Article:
Bidder buys 1-foot-wide strip of Napeague land for $120,000

A view of the beach access between Mitchell

A view of the beach access between Mitchell Dunes Lane and Raymond Lane in Napeague. A bid dispute over a parcel of land one foot in width from the beach to the highway led to a final purchase price of $120,000, beginning at this dune. (Sept. 4, 2013) (Credit: Gordon M. Grant)

The 1,885-foot-long strip of land, just 1 foot wide, runs through East Hampton Town from Montauk Highway to the Atlantic Ocean.

Suffolk County had a modest goal: sell it for $10. But a pair of Manhattan financiers had other ideas for the path that bordered their East End getaways. They launched a bidding war and the price soared -- to $120,000.

Suffolk's property manager said he'd never seen anything like it.


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"We've had one or two pieces start off at $400 and maybe go to $10,000, but never like this," Wayne R. Thompson said. "But you know what water's worth . . . You can say, 'Oh, yes, I have a right of way to the water.' "

The battle royale began after Suffolk -- which acquired the wooded ribbon of land in 2003 for nonpayment of taxes -- tried to sell the property in Napeague to any of the six adjoining land owners for $10.

Four of the owners didn't respond to the offer to submit a bid but the other two were so interested the county set up a face-to-face auction and imposed a $1,500 minimum bid.

When Marc Helie and Kyle N. Cruz showed up with checks for $1,500 and the title to their properties on May 30, they were escorted to a small conference room in the county's Division of Real Property Acquisition and Management in Hauppauge, Thompson said.

And the bidding began.

Back and forth they went, 34 times in all, he said. The price rose quickly from $1,500 to $2,000, to $5,000, then to $12,000 and $17,000 . . . until Cruz's bid of $115,000 was topped one final time by Helie, who successfully bid $120,000.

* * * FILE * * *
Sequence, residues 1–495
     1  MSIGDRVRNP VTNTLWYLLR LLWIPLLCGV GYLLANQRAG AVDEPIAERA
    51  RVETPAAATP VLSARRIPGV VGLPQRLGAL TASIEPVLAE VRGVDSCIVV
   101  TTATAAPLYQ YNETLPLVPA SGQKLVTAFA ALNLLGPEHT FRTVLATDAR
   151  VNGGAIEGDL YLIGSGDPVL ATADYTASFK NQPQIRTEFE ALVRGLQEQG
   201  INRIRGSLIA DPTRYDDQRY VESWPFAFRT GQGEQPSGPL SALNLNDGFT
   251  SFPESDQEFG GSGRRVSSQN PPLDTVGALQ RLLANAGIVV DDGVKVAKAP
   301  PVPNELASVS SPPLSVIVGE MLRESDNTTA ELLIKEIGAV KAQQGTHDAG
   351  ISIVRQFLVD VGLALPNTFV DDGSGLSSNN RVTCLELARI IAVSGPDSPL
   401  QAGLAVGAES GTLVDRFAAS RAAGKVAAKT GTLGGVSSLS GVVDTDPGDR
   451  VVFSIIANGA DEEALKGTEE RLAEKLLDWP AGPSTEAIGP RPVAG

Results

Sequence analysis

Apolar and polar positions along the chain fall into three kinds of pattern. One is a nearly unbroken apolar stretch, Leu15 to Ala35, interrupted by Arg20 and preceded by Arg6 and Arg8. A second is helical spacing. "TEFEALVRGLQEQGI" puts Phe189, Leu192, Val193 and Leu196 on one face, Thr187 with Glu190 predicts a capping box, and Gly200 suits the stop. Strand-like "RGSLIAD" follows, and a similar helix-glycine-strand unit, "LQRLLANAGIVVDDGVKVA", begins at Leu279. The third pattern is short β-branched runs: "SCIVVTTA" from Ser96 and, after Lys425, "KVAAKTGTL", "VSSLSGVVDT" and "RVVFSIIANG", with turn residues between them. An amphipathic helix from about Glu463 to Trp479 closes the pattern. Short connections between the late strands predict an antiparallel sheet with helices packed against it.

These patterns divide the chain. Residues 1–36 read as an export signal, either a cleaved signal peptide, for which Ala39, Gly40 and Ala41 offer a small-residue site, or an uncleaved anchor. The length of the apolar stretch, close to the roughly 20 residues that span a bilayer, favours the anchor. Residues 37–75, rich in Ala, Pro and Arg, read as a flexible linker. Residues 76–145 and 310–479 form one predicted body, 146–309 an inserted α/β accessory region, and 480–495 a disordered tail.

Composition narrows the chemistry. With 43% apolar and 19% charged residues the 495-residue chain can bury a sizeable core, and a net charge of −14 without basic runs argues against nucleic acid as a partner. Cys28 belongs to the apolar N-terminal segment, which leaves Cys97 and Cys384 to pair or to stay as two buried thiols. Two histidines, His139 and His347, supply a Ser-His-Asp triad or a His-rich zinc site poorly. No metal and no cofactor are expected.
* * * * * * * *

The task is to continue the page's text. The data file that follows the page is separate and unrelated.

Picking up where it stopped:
The winning bid was disclosed Wednesday, when the county legislature's finance committee voted 5-0 to recommend the full legislature accept the bid when it meets next week.

The auction "caused quite a stir," Thompson said.

Based on reports from staffers who ran the auction, he said, "I gathered one guy really did not want the other one walking over his property to the water."

Helie's purchase effectively gives him narrow slivers of property on both the east and west sides of Cruz, who would have to walk on Helie's property to reach the ocean beach a few hundred feet away.

Napeague, where both men live, is a tiny enclave of million-dollar houses just west of Montauk, pinched between the Atlantic and Napeague Bay.

Cruz is a managing director at Centerbridge Partners LP in Manhattan, and Helie's Bloomberg profile lists his employer as Chevalier Investments, LLC, in Manhattan.

It is unclear whether the land has any restrictions on it that would grant a public easement to walk on it to the beach, a condition imposed on many East Hampton parcels decades ago when they were first subdivided.

A woman at Helie's Manhattan apartment who identified herself as his attorney declined to comment.

Cruz said, through the intercom at his Manhattan apartment, that he had no comment.

Legis. Jay Schneiderman (I-Montauk), who is familiar with East Hampton real estate issues, said there could be several reasons to buy a 1-foot-by-1,885-foot lot.

"That makes a lot 1,800 square feet wider, and lot area matters," Schneiderman said.

With Rick Brand, Lisa Du

and Ivan Pereira

CORRECTION: A previous version of this story misstated Helie's previous employment.

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